Friday, March 27, 2009
Investing in Gold Certificates
What are gold certificates? They are certificates that indicate you are the owner of gold that you do not physically possess. Normally, these certificates are issued by financial institutions from whom you buy gold, and those financial institutions physically store the gold for you. At least that's how it's supposed to work.
Possessing certificates of ownership is like having your money in a gold pool account. You give your money to the company who runs the program, and when you cash out they pay you whatever returns you may have accrued according to the current gold price. But they may not store any physical gold for you. Rather, they are thought to take your money, and invest in whatever they expect to get the highest returns rather than in gold, pay you the returns on gold, and keep the rest of their gains for themselves. That begs the question of what happens if they make some poor investment decisions and lose your money, and are unable to pay you your returns on the gold price? I don't know. What happens if the institution goes bankrupt what happens to your investment? If it's not a physical asset, I suspect it would vanish.
There are some positive aspects of gold certificate programs. One is that you can essentially invest in gold at the official spot price without having to pay any premiums for physical metal or pay any storage fees. Those premiums and storage fees can cut into your profits quite a bit, so gold certificates represent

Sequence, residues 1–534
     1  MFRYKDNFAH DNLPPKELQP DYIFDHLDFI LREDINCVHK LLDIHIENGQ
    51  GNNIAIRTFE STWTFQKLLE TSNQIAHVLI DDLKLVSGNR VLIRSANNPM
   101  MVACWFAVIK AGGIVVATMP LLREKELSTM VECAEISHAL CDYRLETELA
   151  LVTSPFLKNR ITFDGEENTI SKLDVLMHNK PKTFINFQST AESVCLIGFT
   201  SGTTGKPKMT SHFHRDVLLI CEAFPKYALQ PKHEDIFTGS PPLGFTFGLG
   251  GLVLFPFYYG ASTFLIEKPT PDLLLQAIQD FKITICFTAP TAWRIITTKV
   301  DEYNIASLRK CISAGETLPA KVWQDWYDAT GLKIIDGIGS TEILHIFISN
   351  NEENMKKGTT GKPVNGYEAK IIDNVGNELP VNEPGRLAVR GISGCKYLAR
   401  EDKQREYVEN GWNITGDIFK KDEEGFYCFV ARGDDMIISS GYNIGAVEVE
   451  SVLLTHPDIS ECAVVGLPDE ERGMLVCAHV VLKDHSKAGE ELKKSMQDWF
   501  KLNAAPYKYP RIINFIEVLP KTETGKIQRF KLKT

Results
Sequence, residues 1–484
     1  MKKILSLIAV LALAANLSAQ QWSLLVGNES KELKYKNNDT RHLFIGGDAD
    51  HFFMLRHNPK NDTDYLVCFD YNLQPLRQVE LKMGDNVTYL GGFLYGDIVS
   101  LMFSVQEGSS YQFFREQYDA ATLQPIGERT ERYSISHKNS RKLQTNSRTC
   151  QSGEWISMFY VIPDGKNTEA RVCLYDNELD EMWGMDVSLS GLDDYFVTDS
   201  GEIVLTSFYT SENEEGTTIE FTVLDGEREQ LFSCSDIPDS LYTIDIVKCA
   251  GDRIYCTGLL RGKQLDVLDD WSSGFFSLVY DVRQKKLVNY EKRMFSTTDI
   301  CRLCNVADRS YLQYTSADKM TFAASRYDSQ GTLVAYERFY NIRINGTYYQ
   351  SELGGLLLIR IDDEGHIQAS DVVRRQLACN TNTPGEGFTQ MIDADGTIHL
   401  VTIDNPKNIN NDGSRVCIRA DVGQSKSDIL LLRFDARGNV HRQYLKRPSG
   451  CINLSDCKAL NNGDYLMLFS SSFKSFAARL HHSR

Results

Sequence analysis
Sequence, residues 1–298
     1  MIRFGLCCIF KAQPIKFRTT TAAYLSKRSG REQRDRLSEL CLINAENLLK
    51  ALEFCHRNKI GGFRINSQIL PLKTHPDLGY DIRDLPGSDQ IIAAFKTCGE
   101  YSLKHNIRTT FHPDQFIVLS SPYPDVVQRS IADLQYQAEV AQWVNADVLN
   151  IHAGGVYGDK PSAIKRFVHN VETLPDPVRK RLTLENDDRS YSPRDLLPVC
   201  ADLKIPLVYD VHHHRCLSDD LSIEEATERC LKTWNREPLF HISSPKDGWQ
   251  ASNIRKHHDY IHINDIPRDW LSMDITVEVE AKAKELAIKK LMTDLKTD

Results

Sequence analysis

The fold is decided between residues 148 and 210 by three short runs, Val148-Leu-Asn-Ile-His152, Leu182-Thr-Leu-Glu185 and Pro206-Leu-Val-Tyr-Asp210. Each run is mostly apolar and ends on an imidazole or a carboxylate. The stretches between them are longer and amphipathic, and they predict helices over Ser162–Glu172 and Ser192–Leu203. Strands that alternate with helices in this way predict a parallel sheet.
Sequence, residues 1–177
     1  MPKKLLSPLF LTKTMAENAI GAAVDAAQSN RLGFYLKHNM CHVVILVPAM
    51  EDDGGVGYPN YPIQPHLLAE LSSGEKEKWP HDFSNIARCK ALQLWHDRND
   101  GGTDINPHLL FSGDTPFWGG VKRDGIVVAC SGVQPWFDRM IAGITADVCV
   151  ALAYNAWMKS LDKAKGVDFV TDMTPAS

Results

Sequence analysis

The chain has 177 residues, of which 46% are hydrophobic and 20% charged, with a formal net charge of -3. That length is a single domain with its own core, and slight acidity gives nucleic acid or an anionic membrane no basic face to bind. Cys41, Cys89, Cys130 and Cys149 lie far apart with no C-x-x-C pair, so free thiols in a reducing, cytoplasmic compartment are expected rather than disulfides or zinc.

an alternative that gives you the most efficient returns.
One option for gold certificates is the Perth Mint's gold certificate program. The Perth Mint's program is full backed by the government of Western Australia, which affords somewhat more of a sense of security than possessing gold certificates from a private institution that could go bankrupt and watch your non-physical gold vanish. The Perth Mint's gold certificate program charges 1.75% fees on all purchases plus a $10 certificate fee, plus a 0.75% fee when you sell. This is much lower than the current premiums on physical bullion which have skyrocketed during the current bullion and coin shortage. There are no storage fees. There is a minimum initial investment of $5000 Australian dollars. The Mint claims that every ounce you buy remains on the premises of the mint that can not be removed. Your investment is both government backed and insured by Lloyds of London. This is for basic unallocated storage (though again they do claim to have gold on premises for you, in some form).
The Perth Mint also offers allocated gold storage accounts, though this requires both storage fees and a fabrication fee (to mold the gold into whatever form
you choose to have set aside for you).
You can find more information on the Perth Mint Certificate Program here
Whether or not you invest in gold certificates will depend on how much faith you are willing to place in an institution to store your purchased commodity for you. I am personally someone who is prepared for the worst while simultaneously not paranoid, and seeking the best returns possible. That has lead me to the conclusion that holding a stack of physical bullion as the base of your portfolio is important, but that on top of that base it is fine to diversify and hold certificates or other kinds of gold accounts that do not have allocated storage. I personally do not take part in the Perth Mint program or similar ones, but I do have an e-gold account. I think those are fine as long as you know that there is some degree of risk, and watch the markets with the willingness to sell your certificates or digital gold if gold market demand really heats up. I would personally feel very little stress in investing in the Perth Mint's program, though I would probably avoid a financial institution's certificate program.